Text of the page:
Wet spinning has long been used to produce textile fibers. However, wet spinning is notoriously slow. Thus, wet spinning processes must utilize spinnerets with a very large number of orifices to increase the production rate to an acceptable level. Air-gap spinning is known to produce high tenacity fibers with very high spinning speeds. Fibers made using air-gap spinning are generally highly oriented. The present invention relates to using a modified air-gap spinning method to make para-aramid fibers having a low molecular orientation and a, consequent, high elongation to break.
By "textile quality" is meant a fiber which can be used in filament, staple, or yarn form in woven or knit fabrics to yield the comfort, hand, flexibility, and aesthetics of traditional fabrics.
By "PPD-T" is meant the homopolymer resulting from mole-for-mole polymerization of p-phenylene diamine and terephthaloyl chloride and, also, copolymers resulting from incorporation of small amounts of other diamines with the p-phenylene diamine and of small amounts of other diacid chlorides with the terephthaloyl chloride. As a general rule, other diamines and other diacid chlorides can be used in amounts up to as much as about 10 mole percent of the p-phenylene diamine or the terephthaloyl chloride, or perhaps slightly higher, provided only that the other diamines and diacid chlorides have no reactive groups which interfere with the polymerization reaction. PPD-T, also, means copolymers resulting from incorporation of other aromatic diamines and other aromatic diacid chlorides such as, for example, 2,6-naphthaloyl chloride or chloro- or dichloroterephthaloyl chloride. Preparation of PPD-T is well known and is described, for example, in U.S. Pat. Nos. 3,869,429; 4,308,374; and 4,698,414.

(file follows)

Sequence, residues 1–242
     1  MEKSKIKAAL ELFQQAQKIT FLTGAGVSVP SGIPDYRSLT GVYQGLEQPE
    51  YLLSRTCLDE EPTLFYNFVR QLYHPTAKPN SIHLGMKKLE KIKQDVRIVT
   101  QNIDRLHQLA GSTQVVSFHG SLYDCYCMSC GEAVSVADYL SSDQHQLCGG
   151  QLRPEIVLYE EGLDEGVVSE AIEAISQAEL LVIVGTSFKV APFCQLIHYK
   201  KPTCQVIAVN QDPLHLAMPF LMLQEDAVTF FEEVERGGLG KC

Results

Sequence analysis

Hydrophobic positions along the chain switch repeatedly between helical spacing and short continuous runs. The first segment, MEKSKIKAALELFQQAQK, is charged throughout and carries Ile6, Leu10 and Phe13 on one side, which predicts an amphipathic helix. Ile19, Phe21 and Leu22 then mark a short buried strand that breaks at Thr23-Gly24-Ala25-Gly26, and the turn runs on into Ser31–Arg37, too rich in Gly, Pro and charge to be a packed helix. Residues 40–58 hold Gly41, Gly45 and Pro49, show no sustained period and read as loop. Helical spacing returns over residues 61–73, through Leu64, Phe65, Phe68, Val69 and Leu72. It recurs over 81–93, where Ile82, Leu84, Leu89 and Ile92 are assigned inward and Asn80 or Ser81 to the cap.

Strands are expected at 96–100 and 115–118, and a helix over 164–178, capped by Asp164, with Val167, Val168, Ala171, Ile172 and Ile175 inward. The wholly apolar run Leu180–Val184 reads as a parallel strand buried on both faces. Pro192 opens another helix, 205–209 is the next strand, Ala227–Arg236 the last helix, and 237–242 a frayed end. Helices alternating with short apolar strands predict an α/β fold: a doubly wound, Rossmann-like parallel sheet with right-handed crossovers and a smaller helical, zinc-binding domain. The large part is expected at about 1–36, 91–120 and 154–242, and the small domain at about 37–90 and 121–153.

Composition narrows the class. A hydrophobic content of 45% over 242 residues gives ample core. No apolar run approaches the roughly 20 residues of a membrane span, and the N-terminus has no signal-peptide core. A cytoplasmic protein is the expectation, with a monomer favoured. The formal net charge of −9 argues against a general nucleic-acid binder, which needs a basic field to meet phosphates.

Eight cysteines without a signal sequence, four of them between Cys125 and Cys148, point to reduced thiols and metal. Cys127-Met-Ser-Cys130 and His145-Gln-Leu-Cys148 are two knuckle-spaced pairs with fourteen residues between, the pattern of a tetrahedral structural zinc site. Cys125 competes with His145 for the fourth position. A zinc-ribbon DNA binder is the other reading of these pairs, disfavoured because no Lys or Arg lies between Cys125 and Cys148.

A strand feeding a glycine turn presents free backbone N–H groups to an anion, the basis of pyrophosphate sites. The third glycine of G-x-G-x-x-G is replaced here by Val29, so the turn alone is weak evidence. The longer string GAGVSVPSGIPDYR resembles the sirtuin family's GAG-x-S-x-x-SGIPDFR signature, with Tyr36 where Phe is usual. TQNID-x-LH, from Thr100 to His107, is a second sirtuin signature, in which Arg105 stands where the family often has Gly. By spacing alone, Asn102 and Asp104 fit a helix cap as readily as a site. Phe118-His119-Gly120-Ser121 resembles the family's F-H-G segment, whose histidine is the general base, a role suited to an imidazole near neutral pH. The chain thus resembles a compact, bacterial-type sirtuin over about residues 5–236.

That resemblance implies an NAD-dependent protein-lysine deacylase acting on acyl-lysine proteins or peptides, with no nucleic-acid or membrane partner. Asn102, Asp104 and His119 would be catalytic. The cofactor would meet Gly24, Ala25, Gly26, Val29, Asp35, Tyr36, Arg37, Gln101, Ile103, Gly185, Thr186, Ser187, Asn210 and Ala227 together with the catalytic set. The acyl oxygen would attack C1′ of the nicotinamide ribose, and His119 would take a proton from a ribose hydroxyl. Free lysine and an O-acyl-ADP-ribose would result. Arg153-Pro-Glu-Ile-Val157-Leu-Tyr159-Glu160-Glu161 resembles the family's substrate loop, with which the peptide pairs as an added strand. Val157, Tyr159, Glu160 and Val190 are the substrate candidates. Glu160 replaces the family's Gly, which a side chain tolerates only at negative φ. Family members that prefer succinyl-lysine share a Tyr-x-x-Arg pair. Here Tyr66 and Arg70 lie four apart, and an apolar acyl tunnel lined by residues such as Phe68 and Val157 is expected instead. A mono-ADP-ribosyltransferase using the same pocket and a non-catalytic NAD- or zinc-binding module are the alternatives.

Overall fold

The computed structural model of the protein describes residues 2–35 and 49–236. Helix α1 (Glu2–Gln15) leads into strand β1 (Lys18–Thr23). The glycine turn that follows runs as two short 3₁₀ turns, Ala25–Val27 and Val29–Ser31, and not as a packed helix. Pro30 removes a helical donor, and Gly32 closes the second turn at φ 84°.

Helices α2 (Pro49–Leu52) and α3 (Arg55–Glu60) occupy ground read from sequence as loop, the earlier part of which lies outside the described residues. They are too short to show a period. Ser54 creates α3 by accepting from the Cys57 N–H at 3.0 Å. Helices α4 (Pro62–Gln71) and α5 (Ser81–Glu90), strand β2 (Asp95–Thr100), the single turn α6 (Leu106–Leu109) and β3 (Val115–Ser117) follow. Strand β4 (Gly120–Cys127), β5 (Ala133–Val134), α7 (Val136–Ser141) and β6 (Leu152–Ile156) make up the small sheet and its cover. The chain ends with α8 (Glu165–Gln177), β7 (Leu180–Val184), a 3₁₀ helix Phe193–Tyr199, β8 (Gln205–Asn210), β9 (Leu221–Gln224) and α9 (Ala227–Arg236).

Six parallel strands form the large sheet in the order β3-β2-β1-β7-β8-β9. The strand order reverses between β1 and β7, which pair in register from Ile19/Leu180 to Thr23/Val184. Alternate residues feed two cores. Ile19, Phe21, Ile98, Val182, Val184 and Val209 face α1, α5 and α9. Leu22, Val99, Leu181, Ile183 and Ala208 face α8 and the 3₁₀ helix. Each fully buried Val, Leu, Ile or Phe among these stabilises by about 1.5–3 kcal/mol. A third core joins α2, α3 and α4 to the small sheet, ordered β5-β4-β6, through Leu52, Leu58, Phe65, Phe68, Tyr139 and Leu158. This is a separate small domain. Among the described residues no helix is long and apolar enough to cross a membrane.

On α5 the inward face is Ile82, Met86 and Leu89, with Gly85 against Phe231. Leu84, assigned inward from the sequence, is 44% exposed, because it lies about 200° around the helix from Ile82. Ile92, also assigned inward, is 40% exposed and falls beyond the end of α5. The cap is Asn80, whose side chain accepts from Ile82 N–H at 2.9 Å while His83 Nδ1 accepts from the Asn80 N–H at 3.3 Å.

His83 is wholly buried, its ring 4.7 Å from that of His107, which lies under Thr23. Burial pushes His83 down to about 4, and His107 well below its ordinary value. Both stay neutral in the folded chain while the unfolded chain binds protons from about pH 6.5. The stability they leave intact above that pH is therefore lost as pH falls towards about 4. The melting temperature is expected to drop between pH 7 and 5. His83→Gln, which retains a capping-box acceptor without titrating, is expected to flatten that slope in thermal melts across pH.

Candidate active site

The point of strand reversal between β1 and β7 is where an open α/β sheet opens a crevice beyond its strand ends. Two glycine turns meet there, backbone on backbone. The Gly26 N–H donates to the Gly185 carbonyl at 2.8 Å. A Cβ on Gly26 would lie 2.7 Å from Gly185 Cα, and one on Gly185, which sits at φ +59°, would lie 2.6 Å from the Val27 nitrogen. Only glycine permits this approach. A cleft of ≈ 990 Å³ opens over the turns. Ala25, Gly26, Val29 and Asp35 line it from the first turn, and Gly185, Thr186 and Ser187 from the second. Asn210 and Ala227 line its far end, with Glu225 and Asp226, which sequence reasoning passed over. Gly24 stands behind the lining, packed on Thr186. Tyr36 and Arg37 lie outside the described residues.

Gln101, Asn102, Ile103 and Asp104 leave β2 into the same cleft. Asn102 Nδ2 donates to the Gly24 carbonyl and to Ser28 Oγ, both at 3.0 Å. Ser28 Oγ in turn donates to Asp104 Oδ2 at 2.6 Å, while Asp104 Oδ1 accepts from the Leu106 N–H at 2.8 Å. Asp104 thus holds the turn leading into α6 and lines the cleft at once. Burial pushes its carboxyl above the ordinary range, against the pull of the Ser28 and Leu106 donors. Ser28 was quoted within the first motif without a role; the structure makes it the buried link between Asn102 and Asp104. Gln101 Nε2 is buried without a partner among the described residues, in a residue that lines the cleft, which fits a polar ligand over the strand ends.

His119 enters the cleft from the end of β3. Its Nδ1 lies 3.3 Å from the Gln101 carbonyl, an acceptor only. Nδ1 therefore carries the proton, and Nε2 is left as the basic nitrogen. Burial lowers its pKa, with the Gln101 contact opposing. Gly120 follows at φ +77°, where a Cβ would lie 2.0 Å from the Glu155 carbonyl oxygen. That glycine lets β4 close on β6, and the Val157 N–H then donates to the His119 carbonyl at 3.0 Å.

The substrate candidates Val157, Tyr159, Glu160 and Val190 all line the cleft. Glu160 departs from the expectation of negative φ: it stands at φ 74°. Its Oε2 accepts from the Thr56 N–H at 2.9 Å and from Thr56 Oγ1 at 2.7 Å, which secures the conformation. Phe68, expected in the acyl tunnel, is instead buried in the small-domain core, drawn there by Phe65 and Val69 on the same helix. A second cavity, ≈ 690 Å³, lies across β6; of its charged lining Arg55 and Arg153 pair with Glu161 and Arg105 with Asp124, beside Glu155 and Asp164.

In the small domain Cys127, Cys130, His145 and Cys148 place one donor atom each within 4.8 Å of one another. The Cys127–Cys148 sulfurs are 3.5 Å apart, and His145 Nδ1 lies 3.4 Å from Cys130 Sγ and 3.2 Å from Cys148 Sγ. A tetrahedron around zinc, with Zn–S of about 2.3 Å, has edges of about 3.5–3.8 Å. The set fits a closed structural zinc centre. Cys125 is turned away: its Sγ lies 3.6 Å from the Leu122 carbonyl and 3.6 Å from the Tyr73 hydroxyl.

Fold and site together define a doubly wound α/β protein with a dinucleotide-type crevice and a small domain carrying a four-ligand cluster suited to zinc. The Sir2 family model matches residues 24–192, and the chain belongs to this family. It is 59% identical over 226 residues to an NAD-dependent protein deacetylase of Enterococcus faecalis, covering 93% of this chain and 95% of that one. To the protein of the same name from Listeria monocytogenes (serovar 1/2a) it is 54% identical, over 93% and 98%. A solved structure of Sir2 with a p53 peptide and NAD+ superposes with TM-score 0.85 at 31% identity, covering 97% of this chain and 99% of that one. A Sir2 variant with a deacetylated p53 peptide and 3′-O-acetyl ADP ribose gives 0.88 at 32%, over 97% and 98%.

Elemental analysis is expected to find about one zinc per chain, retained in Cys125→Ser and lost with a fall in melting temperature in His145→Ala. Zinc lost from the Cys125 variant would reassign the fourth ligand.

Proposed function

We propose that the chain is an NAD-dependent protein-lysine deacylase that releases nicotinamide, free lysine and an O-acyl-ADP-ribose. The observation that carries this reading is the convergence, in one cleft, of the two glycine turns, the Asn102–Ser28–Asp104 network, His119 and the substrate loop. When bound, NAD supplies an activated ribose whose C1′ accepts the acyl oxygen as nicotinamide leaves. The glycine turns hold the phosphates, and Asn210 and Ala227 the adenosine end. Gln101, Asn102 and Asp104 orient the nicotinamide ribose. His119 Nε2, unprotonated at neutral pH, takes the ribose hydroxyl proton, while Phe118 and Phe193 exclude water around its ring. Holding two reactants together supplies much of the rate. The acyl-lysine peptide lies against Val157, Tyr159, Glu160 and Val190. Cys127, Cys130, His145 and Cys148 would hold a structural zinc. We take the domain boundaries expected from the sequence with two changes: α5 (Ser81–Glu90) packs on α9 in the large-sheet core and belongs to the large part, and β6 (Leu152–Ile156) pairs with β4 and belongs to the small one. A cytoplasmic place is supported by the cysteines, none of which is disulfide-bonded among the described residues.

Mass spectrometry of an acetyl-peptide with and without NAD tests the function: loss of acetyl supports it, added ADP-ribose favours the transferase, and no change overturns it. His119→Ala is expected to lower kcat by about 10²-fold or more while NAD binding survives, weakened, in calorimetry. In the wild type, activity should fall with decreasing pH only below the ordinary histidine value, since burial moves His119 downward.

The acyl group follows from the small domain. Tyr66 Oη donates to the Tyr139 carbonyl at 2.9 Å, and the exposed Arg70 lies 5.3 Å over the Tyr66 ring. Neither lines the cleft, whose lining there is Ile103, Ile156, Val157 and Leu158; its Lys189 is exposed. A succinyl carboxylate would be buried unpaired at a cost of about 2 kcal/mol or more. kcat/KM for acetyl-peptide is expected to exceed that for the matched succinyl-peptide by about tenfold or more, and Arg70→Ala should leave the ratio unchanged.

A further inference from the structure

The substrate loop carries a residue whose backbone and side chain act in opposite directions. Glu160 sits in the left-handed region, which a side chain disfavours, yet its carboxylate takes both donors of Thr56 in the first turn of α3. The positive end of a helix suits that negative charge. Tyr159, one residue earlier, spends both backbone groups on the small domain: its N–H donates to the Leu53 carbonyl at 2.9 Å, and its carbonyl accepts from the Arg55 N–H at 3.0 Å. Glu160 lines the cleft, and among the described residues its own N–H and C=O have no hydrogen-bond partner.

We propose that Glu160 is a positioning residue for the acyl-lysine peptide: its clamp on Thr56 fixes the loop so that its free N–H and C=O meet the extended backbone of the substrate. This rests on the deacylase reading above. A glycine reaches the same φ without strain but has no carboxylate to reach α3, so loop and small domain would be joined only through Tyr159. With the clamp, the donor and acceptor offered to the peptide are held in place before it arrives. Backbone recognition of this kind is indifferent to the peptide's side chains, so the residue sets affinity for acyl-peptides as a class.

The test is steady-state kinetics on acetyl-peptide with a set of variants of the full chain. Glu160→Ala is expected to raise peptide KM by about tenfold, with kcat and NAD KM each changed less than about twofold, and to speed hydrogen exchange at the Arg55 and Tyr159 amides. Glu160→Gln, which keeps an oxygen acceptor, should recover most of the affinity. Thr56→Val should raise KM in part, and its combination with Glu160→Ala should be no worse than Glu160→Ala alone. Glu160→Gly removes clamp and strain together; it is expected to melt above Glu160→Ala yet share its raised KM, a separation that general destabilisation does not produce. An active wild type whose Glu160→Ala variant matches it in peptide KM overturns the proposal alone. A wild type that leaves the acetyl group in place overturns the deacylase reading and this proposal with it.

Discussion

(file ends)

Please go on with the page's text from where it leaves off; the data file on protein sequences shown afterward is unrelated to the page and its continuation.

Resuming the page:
The PPD-T fibers of this invention are, as previously stated, of textile quality. This invention combines the heat resistant nature of PPD-T with the properties of textile quality yarns. The most significant properties of the fibers of this invention are the high elongation to break and the low modulus. High elongation is important as one element of a fiber leading to high toughness; and low modulus is important for lending hand and drape to fabrics made from the fibers.
The process of this invention is practiced with anisotropic spin solutions to obtain appropriately oriented fibers. In order to obtain, at the same time, fibers of textile qualities, including high elongation at break, the solution must have about 10 to 14 weight percent PPD-T; and the PPD-T must have an inherent viscosity of 4 or less than about 4 and more than about 1.5. It is believed that the high elongation fibers of this invention can be made only using PPD-T with an inherent viscosity from about 1.5 to about 4.